The first thought that sprang to mind when I saw work created recently by a young lady who is a friend of my son was that were I to write the children’s book that is wandering round my mind, I think she would make a perfect illustrator. There is a quality to her work with a fineliner that took me straight back to the books of my childhood… even though reading them may not be so far away as you might expect.
I still read children’s books. I make no bones about that, nor any apology. There is a simplicity and clarity in the way the stories are woven, often barely hiding the underlying message; sometimes disguising it so well that it is only as an adult that you realise what you had been reading all those years ago. In fact, I would agree with C.S.Lewis, the creator of Narnia, that, once beyond picture books, ‘a children’s story that can only be enjoyed by children is not a good children’s story in the slightest.’
I’ll be honest, most of the children’s books I read are the old favourites. Worlds that were woven in my childhood still wait for me through the wardrobe or between the Beltane fires. Their familiar landscapes are home to my imagination, the characters I have loved so long are friends, teachers and the companions of my child-self.
Most of the books I read as a child had an element of magic to them. I was never one for the Famous Five type of thing, with lemonade and sandwiches to finish. No, for me it began early with the Magic Faraway Tree and the adventures of the Wishing Chair… which inevitably led on to Wonderland and the Looking Glass, via the Land of Green Ginger and meeting Stig of the Dump. And Narnia. Always Narnia. But then, that wasn’t just a place in a book… it was Real.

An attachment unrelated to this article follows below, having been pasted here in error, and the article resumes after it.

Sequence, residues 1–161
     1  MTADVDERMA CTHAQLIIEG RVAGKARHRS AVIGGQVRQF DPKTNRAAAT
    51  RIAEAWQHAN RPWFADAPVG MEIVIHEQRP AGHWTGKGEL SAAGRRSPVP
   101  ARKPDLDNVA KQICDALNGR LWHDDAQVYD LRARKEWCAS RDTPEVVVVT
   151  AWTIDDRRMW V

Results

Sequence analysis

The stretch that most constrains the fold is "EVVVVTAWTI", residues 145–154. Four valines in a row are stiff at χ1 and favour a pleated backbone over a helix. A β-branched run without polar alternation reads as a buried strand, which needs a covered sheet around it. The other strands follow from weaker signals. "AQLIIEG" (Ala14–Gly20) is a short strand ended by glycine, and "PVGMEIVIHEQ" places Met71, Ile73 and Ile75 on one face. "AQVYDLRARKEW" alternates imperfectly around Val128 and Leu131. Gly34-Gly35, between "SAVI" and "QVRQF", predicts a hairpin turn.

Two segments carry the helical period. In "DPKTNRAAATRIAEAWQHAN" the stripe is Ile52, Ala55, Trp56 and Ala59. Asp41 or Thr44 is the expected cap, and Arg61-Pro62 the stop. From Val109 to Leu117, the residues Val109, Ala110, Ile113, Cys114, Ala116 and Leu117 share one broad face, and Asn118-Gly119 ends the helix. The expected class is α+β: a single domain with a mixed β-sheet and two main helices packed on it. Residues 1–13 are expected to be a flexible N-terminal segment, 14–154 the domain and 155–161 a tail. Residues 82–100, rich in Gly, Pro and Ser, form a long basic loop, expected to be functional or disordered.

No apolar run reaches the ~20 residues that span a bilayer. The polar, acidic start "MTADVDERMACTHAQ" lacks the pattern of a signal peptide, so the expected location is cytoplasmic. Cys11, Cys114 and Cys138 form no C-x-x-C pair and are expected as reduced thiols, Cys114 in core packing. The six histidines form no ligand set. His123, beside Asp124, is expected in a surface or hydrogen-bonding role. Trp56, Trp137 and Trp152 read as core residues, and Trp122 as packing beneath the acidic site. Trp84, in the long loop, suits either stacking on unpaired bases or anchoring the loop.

What do I mean ‘was’… it is real for me, and always will be, as long as my name is both Susan and Lucy… my mother’s nickname for me…and for just as long I will seek to bury my face in the Lion’s mane with love… even though ’he’s not a tame lion.’
Many of my childhood books are still in my keeping. It is probably no surprise that they snuggle cover to cover with fantasy on my shelves; the evolution was a natural one and works of fantasy bear much in common with children’s stories. The best ones still share a deeper meaning with the reader and teach through imagination… something we have adopted for the Silent Eye too, oddly enough.
Dog-eared, well thumbed, some of those childhood favourites are decorated with my first, childish scrawl and early illustrations… even if I now have no idea what they were supposed to be. The majority of those books were properly illustrated too, in addition to my own infantile efforts. There will never be another image of Aslan for me than the one on Pauline Baynes’ cover for The Lion, The Witch and The Wardrobe. But the covers were only half the story, so to speak.
Inside these books were line drawings, pen and ink illustrations of the characters and action… and many I recall even today though the story itself may have faded. From the slightly sinister illustrations from Down the Snow Stairs, to the simple style of Dorothy M. Wheeler, via the magic of the illustrators whose names I did not know back then has stayed with me for a lifetime, shaping both memory and the landscape of my own imagination. They are, more often than not, the unsung heroes of the children’s book.
Yet even as an adult, the illustrations… rare in books intended for such lofty beings as grown-ups… still matter. Perhaps that is why almost all our books have images.. and why we ventured into the graphic novel with Mister Fox. Whether it be marvelling at Blake or Gustave Dore’s illustrations… or whether I am simply revisiting the bookshelves and finding once more the images created by such as E.H. Sheppard, Ronald Searle and Edward Ardizzone, there is something very special about those simple images that makes the magic happen and turns back the clock until the heart is as light as that clear, clean heart of a child once more.